WASHINGTON – The CIA's insistence that it did not spy on its Senate overseers collapsed Thursday with the release of a stark report by the agency's internal watchdog documenting improper computer surveillance and obstructionist behavior by CIA officers.
Five agency employees – two lawyers and three computer specialists – improperly accessed Senate intelligence committee computers earlier this year in a dispute over interrogation documents, according to a summary of a CIA inspector general report describing the results of an internal investigation. Then, despite CIA Director John Brennan ordering a halt to that operation, the CIA's office of security began an unauthorized investigation that led it to review the emails of Senate staffers and search them for key words.
After Senate leaders learned about the intrusion in January and protested, the CIA made a criminal referral to the Justice Department, alleging improper behavior by Senate staffers. That referral, CIA watchdog David Buckley found, was based on inaccurate information and was not justified.
When the inspector general interviewed three CIA computer specialists, they exhibited "a lack of candor," the IG report said.
Those internal conclusions prompted CIA Director Brennan to abandon months of defiance and defense of the agency and apologize to Senate intelligence committee leaders.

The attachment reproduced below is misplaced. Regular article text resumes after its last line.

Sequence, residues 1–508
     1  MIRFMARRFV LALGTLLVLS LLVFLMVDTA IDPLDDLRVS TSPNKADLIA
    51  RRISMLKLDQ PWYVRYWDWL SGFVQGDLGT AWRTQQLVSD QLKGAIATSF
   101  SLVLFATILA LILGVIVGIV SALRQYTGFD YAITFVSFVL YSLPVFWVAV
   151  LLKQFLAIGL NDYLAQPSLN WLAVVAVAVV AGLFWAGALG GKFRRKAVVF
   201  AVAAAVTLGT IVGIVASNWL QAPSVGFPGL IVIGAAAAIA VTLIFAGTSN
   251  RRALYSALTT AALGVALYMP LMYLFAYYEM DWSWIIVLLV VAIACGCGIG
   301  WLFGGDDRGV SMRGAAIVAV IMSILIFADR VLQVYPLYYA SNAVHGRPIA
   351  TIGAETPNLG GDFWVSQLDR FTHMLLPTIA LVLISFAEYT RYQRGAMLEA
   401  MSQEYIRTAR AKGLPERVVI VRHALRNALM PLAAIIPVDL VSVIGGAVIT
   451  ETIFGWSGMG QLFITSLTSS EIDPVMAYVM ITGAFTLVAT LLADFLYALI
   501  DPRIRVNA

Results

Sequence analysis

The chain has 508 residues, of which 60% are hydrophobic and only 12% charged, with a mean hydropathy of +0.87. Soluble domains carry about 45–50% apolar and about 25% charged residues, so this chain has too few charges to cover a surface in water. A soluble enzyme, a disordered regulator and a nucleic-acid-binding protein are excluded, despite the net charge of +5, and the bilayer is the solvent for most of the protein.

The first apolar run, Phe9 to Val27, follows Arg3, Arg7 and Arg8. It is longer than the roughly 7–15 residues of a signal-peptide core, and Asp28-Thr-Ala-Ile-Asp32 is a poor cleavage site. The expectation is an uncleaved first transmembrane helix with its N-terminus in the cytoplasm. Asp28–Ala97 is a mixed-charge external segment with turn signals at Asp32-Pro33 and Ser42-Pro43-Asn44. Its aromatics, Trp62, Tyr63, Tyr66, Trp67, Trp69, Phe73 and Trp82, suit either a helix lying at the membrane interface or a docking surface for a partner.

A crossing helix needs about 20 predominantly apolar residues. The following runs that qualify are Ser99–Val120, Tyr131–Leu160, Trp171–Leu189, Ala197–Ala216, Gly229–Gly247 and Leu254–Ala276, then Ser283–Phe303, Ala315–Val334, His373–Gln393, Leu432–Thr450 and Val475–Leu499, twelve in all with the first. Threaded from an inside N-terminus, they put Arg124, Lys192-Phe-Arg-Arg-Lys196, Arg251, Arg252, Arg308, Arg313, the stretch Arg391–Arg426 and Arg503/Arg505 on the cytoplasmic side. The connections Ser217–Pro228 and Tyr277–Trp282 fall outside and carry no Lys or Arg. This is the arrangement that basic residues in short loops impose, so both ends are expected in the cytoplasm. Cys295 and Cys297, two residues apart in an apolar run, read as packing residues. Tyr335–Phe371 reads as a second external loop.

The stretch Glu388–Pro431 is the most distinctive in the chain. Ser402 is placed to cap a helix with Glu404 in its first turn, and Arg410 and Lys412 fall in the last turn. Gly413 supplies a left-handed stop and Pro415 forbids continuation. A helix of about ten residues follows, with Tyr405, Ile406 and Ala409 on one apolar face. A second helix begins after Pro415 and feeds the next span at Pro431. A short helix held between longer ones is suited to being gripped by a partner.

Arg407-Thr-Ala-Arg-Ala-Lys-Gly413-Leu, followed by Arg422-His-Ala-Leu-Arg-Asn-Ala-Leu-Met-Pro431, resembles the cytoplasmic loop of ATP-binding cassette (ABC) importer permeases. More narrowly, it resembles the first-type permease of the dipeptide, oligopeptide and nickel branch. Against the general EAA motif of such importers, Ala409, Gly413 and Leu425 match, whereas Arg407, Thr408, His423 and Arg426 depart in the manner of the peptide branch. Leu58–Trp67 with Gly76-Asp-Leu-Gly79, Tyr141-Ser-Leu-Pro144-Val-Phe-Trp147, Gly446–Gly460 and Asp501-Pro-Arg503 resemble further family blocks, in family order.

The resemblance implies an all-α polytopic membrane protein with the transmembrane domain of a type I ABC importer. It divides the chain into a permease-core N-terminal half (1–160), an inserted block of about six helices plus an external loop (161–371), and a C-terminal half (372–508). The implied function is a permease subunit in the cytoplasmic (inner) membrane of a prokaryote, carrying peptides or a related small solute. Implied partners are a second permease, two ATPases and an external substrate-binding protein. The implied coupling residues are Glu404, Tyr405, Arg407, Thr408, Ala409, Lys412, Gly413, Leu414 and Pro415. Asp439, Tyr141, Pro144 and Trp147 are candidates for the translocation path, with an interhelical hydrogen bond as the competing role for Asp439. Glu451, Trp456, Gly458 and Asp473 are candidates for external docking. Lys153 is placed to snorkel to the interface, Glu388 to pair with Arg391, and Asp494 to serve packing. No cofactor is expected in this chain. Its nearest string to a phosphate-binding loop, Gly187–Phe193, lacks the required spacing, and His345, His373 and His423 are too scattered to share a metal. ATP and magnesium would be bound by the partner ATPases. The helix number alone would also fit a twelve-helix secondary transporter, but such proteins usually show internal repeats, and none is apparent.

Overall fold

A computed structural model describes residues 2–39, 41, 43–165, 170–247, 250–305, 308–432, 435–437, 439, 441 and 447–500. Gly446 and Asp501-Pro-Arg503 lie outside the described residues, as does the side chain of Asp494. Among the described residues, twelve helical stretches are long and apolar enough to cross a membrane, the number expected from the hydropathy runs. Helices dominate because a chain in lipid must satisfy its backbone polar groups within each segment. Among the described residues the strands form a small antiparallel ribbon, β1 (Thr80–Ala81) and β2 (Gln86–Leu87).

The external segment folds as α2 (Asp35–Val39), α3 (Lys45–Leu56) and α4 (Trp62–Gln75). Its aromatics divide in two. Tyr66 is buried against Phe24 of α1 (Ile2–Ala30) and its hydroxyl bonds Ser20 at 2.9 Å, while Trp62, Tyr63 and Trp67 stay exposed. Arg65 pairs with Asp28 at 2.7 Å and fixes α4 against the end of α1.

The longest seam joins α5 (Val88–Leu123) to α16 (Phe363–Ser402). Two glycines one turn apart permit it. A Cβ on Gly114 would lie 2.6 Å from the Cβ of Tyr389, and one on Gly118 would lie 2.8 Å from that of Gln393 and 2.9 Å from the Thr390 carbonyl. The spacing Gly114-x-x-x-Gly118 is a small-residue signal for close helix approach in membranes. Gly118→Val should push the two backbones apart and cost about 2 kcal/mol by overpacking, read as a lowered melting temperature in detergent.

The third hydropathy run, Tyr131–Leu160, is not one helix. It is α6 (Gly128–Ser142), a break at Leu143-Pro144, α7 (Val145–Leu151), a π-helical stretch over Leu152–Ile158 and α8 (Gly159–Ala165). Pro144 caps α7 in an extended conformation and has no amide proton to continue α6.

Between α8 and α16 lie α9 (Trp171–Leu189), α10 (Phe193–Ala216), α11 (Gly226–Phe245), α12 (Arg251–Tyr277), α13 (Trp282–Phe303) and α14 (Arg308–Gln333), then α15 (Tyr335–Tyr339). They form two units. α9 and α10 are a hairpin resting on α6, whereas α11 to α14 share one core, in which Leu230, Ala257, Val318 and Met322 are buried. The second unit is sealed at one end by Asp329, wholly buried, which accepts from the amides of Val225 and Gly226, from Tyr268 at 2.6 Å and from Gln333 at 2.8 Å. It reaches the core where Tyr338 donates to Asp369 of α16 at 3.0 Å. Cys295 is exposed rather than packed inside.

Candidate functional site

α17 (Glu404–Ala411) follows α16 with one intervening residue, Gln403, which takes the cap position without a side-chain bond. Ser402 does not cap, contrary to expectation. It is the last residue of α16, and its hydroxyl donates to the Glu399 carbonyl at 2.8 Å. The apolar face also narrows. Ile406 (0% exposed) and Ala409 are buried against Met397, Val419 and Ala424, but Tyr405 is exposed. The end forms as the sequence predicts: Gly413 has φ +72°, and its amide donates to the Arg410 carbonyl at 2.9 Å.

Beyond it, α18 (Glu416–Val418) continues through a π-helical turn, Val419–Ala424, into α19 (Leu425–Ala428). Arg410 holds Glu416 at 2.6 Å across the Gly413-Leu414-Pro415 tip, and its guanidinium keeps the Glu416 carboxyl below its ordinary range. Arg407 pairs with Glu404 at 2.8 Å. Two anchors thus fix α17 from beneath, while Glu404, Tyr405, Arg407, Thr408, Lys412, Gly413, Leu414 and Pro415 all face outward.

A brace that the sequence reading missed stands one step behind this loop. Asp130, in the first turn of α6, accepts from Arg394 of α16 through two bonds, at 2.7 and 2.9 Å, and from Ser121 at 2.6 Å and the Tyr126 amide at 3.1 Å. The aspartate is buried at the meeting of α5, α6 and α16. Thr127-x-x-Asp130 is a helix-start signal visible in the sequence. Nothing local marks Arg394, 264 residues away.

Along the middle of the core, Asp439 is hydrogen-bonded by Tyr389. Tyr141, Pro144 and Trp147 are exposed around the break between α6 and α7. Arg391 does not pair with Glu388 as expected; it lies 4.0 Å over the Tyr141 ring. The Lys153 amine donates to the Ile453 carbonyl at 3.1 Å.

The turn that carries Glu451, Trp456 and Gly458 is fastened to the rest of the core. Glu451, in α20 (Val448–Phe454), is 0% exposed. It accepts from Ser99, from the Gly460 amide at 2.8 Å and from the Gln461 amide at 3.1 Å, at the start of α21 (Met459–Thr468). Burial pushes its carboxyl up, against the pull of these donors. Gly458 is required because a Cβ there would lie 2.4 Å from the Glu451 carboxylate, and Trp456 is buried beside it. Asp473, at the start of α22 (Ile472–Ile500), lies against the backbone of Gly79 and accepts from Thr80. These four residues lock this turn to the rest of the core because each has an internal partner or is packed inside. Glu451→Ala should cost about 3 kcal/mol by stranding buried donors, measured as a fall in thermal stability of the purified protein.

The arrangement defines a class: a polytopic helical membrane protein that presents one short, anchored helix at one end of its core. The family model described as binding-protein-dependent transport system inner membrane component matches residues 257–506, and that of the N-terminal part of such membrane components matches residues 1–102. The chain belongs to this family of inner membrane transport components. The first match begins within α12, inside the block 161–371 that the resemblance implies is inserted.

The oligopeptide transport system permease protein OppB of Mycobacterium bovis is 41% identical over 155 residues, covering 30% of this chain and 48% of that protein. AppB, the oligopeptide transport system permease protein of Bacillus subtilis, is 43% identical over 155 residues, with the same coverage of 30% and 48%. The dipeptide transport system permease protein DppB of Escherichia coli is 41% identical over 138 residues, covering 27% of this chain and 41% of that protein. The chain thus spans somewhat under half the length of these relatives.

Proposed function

"The director said that wherever the investigation led, he would accept the findings and own up to them," said his spokesman, Dean Boyd.
Brennan has convened an internal accountability board chaired by former Sen. Evan Bayh, D-Ind., to examine whether any CIA officers should be disciplined. Furious Democrats demanded further investigation and a public accounting from Brennan. Sen. Mark Udall, D-Colo., called for the director's resignation, citing "a tremendous failure of leadership."
At issue is a search by agency officers for information gathered in the course of a Senate investigation into the CIA's interrogation techniques. The search involved a penetration of the Senate portion of a shared, classified computer network at a Northern Virginia facility that was being used to provide Senate aides access to millions of CIA documents.
The fruits of the Senate's years-long inquiry – an unclassified summary of a lengthy and classified report on post 9/11 detentions and interrogations that accuses the CIA of misconduct – is expected to be made public soon. It is expected to renew criticism contending that the U.S. engaged in torture as it questioned terrorism suspects after the 2001 attacks.
Thursday's CIA revelations came a day after The Associated Press reported on talking points generated by the State Department that embrace the report's conclusions that the interrogations were a dark chapter in American history.
As for the CIA's actions in regard to the Senate committee, Sen. Dianne Feinstein, the California Democrat who chairs the panel, said in a statement: "The investigation confirmed what I said on the Senate floor in March – CIA personnel inappropriately searched Senate intelligence committee computers in violation of an agreement we had reached, and I believe in violation of the constitutional separation of powers."
Said Sen. Ron Wyden, D-Ore., a committee member: "What's needed now is a public apology from Director Brennan to staff and the committee, a full accounting of how this occurred and a commitment there will be no further attempts to undermine congressional oversight of CIA activities."